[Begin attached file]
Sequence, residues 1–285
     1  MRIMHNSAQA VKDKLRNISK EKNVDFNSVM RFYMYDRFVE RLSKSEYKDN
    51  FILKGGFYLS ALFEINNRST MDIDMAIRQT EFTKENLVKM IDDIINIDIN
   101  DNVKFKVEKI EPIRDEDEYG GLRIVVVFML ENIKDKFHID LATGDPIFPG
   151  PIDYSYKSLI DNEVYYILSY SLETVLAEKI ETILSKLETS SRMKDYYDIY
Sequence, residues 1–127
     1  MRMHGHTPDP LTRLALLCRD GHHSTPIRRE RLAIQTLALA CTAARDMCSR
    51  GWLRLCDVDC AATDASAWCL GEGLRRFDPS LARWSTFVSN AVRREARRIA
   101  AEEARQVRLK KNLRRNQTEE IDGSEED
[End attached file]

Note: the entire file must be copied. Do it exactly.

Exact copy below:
Sequence, residues 1–285
     1  MRIMHNSAQA VKDKLRNISK EKNVDFNSVM RFYMYDRFVE RLSKSEYKDN
    51  FILKGGFYLS ALFEINNRST MDIDMAIRQT EFTKENLVKM IDDIINIDIN
   101  DNVKFKVEKI EPIRDEDEYG GLRIVVVFML ENIKDKFHID LATGDPIFPG
   151  PIDYSYKSLI DNEVYYILSY SLETVLAEKI ETILSKLETS SRMKDYYDIY
Sequence, residues 1–127
     1  MRMHGHTPDP LTRLALLCRD GHHSTPIRRE RLAIQTLALA CTAARDMCSR
    51  GWLRLCDVDC AATDASAWCL GEGLRRFDPS LARWSTFVSN AVRREARRIA
   101  AEEARQVRLK KNLRRNQTEE IDGSEED